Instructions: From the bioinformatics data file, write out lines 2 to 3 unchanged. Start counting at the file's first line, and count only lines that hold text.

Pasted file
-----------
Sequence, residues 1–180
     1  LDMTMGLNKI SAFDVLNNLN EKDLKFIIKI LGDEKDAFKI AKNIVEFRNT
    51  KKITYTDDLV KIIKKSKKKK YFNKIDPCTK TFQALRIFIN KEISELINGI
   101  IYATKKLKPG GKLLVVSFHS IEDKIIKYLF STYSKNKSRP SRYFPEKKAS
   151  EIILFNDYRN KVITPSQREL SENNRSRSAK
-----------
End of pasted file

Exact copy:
     1  LDMTMGLNKI SAFDVLNNLN EKDLKFIIKI LGDEKDAFKI AKNIVEFRNT
    51  KKITYTDDLV KIIKKSKKKK YFNKIDPCTK TFQALRIFIN KEISELINGI